(Sylvania mitrata) Wood Warbler family
Length5 to 5.75 inches. About an inch shorter than the English sparrow.
MaleHead, neck, chin, and throat black like a hood in mature male specimens only. Hood restricted, or altogether wanting in female and young. Upper parts rich olive. Forehead, cheeks, and underneath yellow. Some conspicuous white on tail feathers.
FemaleDuller, and with restricted cowl.
RangeUnited States east of Rockies, and from southern Michigan and southern New England to West Indies and tropical America, where it winters. Very local.
MigrationsMay. September. Summer resident.
This beautifully marked, sprightly little warbler might be mistaken in his immaturity for the yellowthroat ; and as it is said to take him nearly three years to grow his hood, with the completed cowl and cape, there is surely sufficient reason here for the despair that often seizes the novice in attempting to distinguish the perplexing warblers. Like its Southern counterpart, the hooded warbler prefers wet woods and low trees rather than high ones, for much of its food consists of insects attracted by the dampness, and many of them must be taken on the wing. Be-cause of its tireless activity the bird’s figure is particularly slender and gracefula trait, too, to which we owe all the glimpses of it we are likely to get throughout the summer. It has a curious habit of spreading its tail, as if it wished you to take special notice of the white spots that adorn it; not flirting it, as the red-start does his more gorgeous one, but simply opening it like a fan as it flies and darts about.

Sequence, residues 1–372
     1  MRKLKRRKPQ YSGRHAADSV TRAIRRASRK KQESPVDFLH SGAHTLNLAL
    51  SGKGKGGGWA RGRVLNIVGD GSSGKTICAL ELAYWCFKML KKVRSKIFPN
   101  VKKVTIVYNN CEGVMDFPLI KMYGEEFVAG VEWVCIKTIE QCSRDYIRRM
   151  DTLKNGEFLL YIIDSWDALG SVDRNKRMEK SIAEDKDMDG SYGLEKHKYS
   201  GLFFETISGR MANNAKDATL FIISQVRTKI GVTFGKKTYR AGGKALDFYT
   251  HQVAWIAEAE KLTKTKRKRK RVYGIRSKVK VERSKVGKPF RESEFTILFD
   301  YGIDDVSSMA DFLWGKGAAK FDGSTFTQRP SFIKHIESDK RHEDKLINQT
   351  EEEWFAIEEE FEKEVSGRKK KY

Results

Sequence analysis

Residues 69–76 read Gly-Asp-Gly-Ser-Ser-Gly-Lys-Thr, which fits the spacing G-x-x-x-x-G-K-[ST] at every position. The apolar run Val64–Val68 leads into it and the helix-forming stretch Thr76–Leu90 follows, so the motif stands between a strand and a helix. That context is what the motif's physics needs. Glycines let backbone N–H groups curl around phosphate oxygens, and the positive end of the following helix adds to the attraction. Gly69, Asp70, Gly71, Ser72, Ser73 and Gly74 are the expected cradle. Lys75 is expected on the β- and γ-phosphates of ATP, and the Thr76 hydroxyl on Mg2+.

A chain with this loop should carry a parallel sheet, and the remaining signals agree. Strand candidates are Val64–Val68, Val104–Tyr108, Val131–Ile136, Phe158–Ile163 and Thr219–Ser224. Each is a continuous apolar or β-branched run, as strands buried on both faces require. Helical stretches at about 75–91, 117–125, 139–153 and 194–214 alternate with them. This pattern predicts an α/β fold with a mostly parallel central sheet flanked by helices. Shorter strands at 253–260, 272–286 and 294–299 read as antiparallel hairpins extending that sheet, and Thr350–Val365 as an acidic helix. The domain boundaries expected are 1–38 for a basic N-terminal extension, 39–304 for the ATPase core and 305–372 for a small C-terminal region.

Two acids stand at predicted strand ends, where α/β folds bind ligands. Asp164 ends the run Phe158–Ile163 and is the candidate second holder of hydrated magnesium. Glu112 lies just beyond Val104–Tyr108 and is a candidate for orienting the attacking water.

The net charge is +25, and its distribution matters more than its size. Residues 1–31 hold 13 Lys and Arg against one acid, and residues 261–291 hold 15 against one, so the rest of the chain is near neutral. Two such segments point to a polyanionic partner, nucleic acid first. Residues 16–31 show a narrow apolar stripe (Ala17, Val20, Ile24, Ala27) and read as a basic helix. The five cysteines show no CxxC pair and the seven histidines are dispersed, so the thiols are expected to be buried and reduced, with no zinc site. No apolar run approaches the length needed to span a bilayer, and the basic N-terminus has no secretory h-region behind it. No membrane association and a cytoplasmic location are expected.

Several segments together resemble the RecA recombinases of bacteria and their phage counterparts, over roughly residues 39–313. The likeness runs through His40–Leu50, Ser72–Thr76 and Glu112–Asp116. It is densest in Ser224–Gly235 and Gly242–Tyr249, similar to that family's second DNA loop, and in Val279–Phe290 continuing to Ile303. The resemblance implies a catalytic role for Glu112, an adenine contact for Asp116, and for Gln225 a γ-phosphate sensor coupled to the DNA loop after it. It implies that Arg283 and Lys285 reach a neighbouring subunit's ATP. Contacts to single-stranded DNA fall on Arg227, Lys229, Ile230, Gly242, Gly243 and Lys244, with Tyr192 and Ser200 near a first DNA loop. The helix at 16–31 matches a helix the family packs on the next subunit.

Its song, which is particularly sweet and graceful, and with more variation than most warblers’ music, has been translated “Che-we-eo-tsip, tsip, che-we-eo,” again interpreted by Mr. Chap-man as ” You must come to the woods, or you won’t see me.”